So my verdict is in: I'm going to do it. I can't believe I'm signing up for knitting more miles and miles of brown stockinette. But I want it to be right. Plus it will be an interesting lesson learning to remake a too-large sweater into a garment that fits.

The LYS lady advocated strongly that I knit the entire bottom of the sweater in 2x2 ribbing, but she's nuts! The last thing I want is this thing clinging to me. Plus I want to make a classic sweater, one that matches the original sweater my mom gave me so many years ago. The LYS lady isn't into classics; we have very different taste in knitting, patterns, yarn, and color. But when she's right, she's right, and she's right about remaking the Handstrikket.

So I'm going back to the drawing board - and lots of brown stockinette. Whining about stockinette will commence in three, two, one...

11 comments:

  1. UGH! I couldn't possibly bear to cut a sweater I'd made like that. I'd rather just unravel the entire thing, gorgeous yoke and all, and start over from scratch truly.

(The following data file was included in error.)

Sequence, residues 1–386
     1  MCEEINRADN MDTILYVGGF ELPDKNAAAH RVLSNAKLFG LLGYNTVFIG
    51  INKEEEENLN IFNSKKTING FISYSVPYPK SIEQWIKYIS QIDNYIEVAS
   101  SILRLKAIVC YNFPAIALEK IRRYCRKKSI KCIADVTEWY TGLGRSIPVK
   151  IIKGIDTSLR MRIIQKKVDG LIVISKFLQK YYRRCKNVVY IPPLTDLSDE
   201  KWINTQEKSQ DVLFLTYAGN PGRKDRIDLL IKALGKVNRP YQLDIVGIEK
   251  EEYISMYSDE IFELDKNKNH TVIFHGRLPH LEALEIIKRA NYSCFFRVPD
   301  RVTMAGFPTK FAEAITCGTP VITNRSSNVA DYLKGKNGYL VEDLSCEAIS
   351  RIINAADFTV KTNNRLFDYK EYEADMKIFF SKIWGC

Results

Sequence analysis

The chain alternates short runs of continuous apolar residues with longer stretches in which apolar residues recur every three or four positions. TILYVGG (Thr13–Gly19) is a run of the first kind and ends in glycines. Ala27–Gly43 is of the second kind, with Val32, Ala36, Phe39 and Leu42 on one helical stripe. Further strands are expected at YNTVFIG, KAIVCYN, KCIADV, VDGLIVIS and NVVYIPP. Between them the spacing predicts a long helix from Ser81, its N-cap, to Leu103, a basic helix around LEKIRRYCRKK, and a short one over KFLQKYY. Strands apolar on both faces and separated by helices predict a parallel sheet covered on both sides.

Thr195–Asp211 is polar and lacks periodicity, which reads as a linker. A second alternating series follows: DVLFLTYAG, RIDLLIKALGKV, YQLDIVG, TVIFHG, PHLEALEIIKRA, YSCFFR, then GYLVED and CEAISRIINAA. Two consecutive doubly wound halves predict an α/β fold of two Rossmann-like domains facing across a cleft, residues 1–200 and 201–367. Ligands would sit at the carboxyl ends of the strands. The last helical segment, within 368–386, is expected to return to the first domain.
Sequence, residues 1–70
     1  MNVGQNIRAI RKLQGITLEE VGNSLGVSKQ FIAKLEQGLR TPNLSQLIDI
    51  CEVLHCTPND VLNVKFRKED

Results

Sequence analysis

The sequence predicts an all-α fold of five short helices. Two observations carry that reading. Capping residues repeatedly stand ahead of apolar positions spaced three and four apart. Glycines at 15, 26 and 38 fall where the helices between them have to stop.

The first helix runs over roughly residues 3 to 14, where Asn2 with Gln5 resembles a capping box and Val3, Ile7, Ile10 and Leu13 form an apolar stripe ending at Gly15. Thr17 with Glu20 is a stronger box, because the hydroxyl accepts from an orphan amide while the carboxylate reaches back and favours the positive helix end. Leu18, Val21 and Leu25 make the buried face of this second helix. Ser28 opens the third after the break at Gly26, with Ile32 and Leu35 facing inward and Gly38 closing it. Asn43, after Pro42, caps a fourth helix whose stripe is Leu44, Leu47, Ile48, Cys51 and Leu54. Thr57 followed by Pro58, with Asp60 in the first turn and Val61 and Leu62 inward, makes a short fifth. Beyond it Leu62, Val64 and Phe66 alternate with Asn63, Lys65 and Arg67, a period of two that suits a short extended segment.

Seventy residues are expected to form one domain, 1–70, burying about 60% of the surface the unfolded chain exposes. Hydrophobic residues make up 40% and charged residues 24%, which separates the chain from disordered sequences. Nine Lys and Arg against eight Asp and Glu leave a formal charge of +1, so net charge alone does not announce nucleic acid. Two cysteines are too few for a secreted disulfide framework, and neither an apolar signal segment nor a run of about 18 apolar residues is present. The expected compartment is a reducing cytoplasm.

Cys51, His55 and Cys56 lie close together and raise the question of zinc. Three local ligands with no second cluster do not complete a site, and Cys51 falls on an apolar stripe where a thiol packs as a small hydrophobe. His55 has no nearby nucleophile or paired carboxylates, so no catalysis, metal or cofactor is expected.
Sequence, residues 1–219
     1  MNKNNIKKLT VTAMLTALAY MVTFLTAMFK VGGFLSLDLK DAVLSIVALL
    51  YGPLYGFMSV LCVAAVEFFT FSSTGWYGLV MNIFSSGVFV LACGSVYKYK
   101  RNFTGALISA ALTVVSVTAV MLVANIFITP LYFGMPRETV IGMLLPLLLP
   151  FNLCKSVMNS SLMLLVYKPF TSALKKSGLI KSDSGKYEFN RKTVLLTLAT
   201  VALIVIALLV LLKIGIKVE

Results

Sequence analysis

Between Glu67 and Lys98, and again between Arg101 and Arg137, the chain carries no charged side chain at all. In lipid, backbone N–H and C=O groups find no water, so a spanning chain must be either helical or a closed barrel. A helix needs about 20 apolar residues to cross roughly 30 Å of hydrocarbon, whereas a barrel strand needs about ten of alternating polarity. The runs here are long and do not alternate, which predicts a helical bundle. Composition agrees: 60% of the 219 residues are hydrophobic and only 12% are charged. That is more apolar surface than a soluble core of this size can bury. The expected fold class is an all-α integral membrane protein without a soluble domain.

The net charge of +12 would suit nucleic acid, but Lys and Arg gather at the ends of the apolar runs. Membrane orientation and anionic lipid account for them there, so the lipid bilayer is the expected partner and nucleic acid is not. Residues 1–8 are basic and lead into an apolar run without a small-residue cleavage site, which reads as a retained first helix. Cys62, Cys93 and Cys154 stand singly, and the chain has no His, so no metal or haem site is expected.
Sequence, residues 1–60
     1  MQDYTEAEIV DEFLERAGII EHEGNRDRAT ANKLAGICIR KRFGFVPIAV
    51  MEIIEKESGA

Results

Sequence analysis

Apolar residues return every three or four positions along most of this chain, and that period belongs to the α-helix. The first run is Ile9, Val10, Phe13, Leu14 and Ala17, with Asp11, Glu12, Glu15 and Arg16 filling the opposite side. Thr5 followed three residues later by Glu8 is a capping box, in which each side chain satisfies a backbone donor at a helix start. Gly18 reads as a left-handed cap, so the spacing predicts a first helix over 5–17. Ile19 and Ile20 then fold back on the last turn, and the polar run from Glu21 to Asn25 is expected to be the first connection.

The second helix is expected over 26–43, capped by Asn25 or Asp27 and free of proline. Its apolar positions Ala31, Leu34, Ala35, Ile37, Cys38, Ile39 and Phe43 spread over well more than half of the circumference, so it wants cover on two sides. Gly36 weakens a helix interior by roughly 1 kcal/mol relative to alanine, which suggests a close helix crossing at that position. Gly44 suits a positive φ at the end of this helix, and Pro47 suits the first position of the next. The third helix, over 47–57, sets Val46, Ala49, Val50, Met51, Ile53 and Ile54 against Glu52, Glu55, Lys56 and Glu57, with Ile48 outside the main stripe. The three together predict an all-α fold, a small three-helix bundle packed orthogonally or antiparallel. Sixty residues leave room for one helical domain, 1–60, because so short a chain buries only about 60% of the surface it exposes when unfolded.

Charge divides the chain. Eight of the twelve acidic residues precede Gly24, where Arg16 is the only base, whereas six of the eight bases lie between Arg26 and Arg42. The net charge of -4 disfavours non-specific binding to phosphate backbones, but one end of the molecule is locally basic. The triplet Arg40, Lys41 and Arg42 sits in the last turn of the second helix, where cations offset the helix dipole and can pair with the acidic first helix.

Ribbed bottom? Whole bottom? I've never seen such a thing!

    Trace

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  2. Well, friend, I know you will be much happier if you do what she suggested, so just DO IT! I am proud of you! xo

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  3. Is this THE LYS with the infamous first come-first serve workshop waiting list??

    You are a very patient gal to re-knit the entire bottom. Will you frog or purchase more yarn?

    And I KNOW you will have a strong knowledge of custom Ample mods after the reknitting.